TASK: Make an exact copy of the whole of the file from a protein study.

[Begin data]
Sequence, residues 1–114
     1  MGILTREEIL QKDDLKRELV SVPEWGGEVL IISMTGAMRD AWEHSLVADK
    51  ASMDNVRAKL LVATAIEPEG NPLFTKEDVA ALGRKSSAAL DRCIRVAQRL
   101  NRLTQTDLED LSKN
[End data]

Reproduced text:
Sequence, residues 1–114
     1  MGILTREEIL QKDDLKRELV SVPEWGGEVL IISMTGAMRD AWEHSLVADK
    51  ASMDNVRAKL LVATAIEPEG NPLFTKEDVA ALGRKSSAAL DRCIRVAQRL
   101  NRLTQTDLED LSKN